Last month saw a sudden drop of video rich snippets in Google’s search results. Any change to Google’s search results that affects click through rates (CTR) is always going to draw attention – and heated discussion – as to Google’s motivations.
Here we will look at what the digital marketing community is saying about the recent update – and what it means for your video marketing.
What are video rich snippets?
Video rich snippets are an enhanced result in Google’s SERPs (Search Engine Results Page) that features a thumbnail of a video next to the search result. It lets the user know that particular result has a video content.
The key advantage of rich snippets is that they stand out against competing results in the SERPs. And that means more clicks.
Timeline Of The Change For Rich Snippets
16th of July – Chad Gingrich noted on SEER Interactive blog that Google appeared to be limiting the number of video snippets shown in the search engine results. Gingrich included several graphics in his initial post, including this one comparing Vevo’s video pages (which are still getting snippets) to Moz’s Whiteboard Friday posts (which have lost snippets).
Credit to SEER Interactive http://www.seerinteractive.com/blog/did-google-end-video-snippets
18th of July – Jennifer Slegg, founder and editor of The SEM Post, noted that there had been a 4% increase in the number of video thumbnails showing in the search results over the previous day. However, the overall decline from 16th of July was still quite dramatic and there was no way of telling if the rise on will continue.
21st of July – Jennifer Slegg posted data provided by Mozcast showing visibility had fallen even further since the initial drop. She suggests that the recent changes made by Google might become a permanent trend.
Credit to The SEM Post http://www.thesempost.com/google-video-snippets-visibility-continues-drop-search-results/
Seeking explanation from Google, Danny Goodwin of Search Engine Watch reported a spokesman’s comment that, “We’ll continue to show video snippets where it’s most relevant.” Separately, Google’s John Mueller wrote on Google+: “We’re still showing video snippets, seeing changes from time to time is normal.”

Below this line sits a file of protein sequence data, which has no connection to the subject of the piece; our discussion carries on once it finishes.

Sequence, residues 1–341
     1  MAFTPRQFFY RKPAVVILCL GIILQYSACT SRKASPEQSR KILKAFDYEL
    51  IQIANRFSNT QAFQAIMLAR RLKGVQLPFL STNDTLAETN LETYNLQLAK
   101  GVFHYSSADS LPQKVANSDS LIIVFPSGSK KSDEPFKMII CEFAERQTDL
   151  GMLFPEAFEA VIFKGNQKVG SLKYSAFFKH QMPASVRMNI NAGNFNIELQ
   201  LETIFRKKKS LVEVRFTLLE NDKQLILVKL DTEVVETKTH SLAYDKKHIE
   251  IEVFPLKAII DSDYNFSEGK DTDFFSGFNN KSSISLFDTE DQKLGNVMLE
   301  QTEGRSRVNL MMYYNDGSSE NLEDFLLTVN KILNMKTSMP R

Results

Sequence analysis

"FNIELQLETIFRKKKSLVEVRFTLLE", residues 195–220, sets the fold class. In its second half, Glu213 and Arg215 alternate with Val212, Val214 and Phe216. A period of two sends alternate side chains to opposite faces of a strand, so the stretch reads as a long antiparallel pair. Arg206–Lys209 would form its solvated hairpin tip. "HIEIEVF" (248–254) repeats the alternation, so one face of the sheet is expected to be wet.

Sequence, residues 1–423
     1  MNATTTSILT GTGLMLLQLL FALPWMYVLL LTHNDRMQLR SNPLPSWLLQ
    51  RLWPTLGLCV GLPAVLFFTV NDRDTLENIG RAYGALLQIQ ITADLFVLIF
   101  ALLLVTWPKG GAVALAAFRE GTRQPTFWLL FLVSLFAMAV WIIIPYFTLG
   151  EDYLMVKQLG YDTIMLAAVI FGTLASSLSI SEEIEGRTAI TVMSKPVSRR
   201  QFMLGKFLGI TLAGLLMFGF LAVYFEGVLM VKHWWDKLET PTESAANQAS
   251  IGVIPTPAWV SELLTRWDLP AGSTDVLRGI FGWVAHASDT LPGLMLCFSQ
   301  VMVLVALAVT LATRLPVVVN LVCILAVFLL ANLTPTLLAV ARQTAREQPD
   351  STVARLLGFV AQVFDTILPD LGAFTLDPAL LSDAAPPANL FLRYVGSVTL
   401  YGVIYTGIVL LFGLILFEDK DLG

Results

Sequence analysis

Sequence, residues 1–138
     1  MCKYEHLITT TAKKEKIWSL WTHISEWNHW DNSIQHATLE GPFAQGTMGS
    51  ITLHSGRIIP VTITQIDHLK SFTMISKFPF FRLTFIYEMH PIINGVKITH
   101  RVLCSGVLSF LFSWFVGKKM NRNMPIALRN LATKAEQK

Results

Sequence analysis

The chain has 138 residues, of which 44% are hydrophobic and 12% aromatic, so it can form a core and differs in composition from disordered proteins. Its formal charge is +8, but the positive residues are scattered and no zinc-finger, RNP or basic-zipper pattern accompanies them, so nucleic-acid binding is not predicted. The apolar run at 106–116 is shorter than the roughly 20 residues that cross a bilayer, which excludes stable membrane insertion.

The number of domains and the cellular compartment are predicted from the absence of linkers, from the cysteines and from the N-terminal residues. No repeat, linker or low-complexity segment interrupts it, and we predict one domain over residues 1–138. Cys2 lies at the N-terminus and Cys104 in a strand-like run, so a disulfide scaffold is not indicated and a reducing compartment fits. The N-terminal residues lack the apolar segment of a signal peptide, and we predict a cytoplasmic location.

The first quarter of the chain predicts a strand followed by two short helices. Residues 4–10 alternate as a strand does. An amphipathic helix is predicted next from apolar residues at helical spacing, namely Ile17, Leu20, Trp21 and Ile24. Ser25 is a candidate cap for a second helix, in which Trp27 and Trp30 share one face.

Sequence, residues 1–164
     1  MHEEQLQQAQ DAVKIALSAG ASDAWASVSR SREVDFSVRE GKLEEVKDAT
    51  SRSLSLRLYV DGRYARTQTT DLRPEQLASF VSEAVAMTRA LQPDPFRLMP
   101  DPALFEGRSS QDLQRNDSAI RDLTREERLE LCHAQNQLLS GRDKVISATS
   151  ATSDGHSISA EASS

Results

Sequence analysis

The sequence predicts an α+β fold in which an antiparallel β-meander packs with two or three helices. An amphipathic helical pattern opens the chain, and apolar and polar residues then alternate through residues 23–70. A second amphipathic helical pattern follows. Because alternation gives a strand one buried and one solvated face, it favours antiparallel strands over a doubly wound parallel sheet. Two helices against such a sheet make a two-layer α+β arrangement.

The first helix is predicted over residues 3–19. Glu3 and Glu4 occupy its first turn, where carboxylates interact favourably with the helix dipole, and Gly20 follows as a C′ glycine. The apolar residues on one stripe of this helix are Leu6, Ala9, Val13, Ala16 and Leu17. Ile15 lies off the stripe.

While video snippets from many other sites appeared to be removed, the video thumbnails for YouTube, which is owned by Google, were unaffected. This has led to speculation that Google is favoring its own site, at the expense of others.
Why Has Google Made These Changes?
Jennifer Slegg noted, “There has been speculation that the change was related to the recent authorship change, which saw author thumbnails disappear from the search results. However, a Google spokesperson has confirmed that the change is not authorship related.”
Another common suggestions is that the move by Google may be motivated by their bank book. As Tamara Gotlib from Seperia notes users are more likely to click on rich snippets than Google’s ads. Taking relevant photos, videos and other rich snippets away from the organic search brings more attention to Google’s primary profit machine – Google Adwords.
However, John Mueller argues that the recent changes were designed to “clean up the visual design of our search results, in particular creating a better mobile experience and a more consistent design across devices.”
Despite the grim predictions from the SEO community, videos and other rich visual content should still be implemented in websites as it significantly enhances overall user experience. Even though video snippets have been reduced in the SERP’s, Google’s algorithm still takes video tags and other rich content into consideration when indexing a webpage.